Unforgiveness; it’s an ugly word. Choosing to deny forgiveness to others is choosing to define them by the worst moments of their lives. The words “I won’t ever forgive you for…” have crossed all of our lips; no one can claim innocence.
Consider the following words spoken by Yeshua (Jesus) from the book of Matthew, “Don’t judge, so that you won’t be judged. For the way you judge others is how you will be judged — the measure with which you measure out will be used to measure you. Why do you see the splinter in your brother’s eye, but not notice the log in your own eye? Always treat others as you would like them to treat you; that sums up the teaching of the Torah and the Prophets.” (Matthew 7:1-3 and 12 The Complete Jewish Bible) Verse 12 many recognize as the Golden Rule.
Religious views of Yeshua aside, Yeshua was a rebel. He challenged the status quo, often landing him in hot water with the religious leaders of the day. Yeshua was also a teacher. Great teachers challenge their students to think outside the box, to choose the high road, to seek a higher purpose. Before Yeshua, the eye-for-an-eye mentality was the accepted standard. And then Yeshua shook it up even more when he said to forgive seventy times seven every day. Radical shift.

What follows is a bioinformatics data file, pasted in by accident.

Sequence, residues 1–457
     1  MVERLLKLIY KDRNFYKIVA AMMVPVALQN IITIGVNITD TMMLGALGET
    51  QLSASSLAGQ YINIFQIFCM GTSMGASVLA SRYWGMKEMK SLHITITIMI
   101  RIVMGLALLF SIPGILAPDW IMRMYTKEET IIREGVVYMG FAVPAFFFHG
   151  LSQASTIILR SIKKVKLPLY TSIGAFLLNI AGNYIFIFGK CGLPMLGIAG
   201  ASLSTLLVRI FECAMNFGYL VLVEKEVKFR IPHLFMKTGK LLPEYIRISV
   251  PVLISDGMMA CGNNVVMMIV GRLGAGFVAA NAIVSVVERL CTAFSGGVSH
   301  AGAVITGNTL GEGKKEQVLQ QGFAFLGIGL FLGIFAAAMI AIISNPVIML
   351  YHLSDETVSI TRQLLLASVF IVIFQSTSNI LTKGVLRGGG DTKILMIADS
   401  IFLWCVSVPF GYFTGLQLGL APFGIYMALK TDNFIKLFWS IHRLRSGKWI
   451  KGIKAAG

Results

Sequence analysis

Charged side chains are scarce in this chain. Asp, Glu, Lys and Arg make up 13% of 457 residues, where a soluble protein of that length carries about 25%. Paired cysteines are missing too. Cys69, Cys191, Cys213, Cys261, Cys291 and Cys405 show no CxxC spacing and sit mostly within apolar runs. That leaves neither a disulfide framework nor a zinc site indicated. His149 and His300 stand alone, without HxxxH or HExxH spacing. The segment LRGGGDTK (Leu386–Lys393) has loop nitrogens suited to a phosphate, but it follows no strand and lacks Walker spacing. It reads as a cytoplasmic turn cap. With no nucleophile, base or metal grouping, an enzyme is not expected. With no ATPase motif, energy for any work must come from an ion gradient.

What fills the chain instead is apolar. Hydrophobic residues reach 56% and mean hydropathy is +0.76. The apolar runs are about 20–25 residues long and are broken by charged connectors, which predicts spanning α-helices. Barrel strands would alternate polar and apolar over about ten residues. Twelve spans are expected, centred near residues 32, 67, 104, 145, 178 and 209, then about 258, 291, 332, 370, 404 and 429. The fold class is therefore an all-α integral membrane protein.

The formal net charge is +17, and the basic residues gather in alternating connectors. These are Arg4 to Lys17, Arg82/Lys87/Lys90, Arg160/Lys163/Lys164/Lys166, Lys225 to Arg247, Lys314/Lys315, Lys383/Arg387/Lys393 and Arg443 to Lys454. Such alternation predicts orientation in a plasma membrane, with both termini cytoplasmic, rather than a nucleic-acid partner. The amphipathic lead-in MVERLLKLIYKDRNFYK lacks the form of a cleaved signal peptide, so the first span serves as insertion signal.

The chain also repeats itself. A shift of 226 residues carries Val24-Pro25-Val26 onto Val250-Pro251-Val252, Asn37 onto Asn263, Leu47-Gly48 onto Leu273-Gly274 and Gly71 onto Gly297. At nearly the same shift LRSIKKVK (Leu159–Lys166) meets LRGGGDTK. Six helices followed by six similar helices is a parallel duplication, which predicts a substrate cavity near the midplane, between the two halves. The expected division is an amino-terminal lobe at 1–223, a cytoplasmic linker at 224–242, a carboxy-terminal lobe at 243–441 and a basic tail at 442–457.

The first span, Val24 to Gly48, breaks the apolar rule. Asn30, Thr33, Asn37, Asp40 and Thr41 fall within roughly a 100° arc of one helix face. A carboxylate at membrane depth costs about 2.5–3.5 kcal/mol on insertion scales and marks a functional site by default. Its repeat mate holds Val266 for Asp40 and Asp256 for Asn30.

We mess up. We have stuff in our lives, stuff we are not proud to admit, stuff we did or said in the heat of anger, stuff we wish we could undo. How arrogant to expect and accept forgiveness for our stuff, but deny it to others. No one likes to feel the sting of judgment, yet we judge others for the splinters in their eyes when we have a log in ours. We want others to pay a price for their misdeeds, but want forgiveness for ours.
On the flipside, Yeshua said, “So if you are offering your gift at the Temple altar and you remember there that your brother has something against you, leave your gift where it is by the altar, and go, make peace with your brother. Then come back and offer your gift.” (Matthew 5:23-24 The Complete Jewish Bible) Either way, Yeshua’s message is to reconcile relationships damaged by unforgiveness.
The greatest example of forgiveness were the words uttered by Yeshua, on the last day of his earthly life, “Father, forgive them; they don’t understand what they are doing.” (Luke 23:24 The Complete Jewish Bible) Yeshua died asking forgiveness for mankind. Christians associate these words with Good Friday. Denying forgiveness to others while identifying as a Christian, in effect, invalidates the message of the crucifixion.
What resentments do you harbor against others? What transgressions remain unforgiven? From whom have you willfully withheld forgiveness? Forgiveness is a choice, a decision, an act of the will. Choose today as the day to forgive people and begin the process of healing relationships damaged by unforgiveness.
It is said, “I love you” are the three most powerful words in the world. The three most powerful words are not “I love you”, the three most powerful words are “I forgive you…..”